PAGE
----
Richard Franko Goldman
After graduating from Townsend Harris High School in Queens, New York he attended Columbia University, graduating in 1930 with an A.B. (with honors). He then went to Paris to study composition with Nadia Boulanger. He also studied privately with Wallingford Riegger.
He was associate conductor 1937-1956 and then succeeded his father Edwin Franko Goldman as conductor of the Goldman Band of New York City [The Goldman Band]. He led that band from 1956 until poor health caused him to stop conducting in the summer of 1979. He dissolved the band, but it returned to perform as the Guggenheim Concerts Band in 1980 and the Goldman Memorial Band in 1984.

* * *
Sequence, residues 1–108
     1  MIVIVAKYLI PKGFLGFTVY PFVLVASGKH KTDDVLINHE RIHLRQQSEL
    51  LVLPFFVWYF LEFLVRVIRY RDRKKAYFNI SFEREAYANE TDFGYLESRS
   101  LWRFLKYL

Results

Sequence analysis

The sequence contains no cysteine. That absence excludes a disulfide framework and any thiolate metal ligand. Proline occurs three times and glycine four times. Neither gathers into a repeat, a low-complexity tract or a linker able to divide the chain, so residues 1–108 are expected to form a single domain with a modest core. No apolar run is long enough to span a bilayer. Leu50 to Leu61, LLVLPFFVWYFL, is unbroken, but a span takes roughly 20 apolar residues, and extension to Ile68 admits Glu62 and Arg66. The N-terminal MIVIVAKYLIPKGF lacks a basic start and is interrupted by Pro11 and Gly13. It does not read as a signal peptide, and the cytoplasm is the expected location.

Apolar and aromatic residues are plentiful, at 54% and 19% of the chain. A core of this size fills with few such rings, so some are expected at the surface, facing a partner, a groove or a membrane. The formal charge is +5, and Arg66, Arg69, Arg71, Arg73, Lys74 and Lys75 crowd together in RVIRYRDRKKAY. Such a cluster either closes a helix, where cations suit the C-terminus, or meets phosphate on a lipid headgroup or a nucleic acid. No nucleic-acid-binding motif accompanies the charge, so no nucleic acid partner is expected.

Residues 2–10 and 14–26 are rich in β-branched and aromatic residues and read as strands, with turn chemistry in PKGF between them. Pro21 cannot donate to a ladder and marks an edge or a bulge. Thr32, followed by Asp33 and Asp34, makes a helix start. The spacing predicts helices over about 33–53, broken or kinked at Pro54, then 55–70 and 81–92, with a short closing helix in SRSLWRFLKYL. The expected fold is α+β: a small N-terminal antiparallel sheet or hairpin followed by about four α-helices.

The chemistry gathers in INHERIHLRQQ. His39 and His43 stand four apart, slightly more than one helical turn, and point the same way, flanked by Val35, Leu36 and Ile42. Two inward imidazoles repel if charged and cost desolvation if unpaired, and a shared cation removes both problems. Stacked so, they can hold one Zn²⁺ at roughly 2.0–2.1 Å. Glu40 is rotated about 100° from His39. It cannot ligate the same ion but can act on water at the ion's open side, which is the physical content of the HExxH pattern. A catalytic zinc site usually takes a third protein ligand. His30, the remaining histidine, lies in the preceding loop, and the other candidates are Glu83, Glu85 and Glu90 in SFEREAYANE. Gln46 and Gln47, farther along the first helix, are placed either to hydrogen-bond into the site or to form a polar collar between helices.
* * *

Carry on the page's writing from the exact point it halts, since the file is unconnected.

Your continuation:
Amongst his compositions are the <i> Lee Rigg </i> (1942) for orchestra, <i> Sonata for Violin and Piano </i> (1964), and a <i> Duo for Tubas or bassoons </i> (1950). He also wrote several marches, including <i> The Foundation, Pride of the 97, National Intercollegiate Band</i>, and <i> Seaside Park</i>. His contributions to <i> The Musical Quarterly </i> as New York critic insured early recognition to Wallingford Riegger, Henry Cowell, and Elliott Carter.
- 18 Writing & Arrangement
- 9 Conducting & Leading
- 1 Production
- 2 Technical
- 3 Acting, Literary & Spoken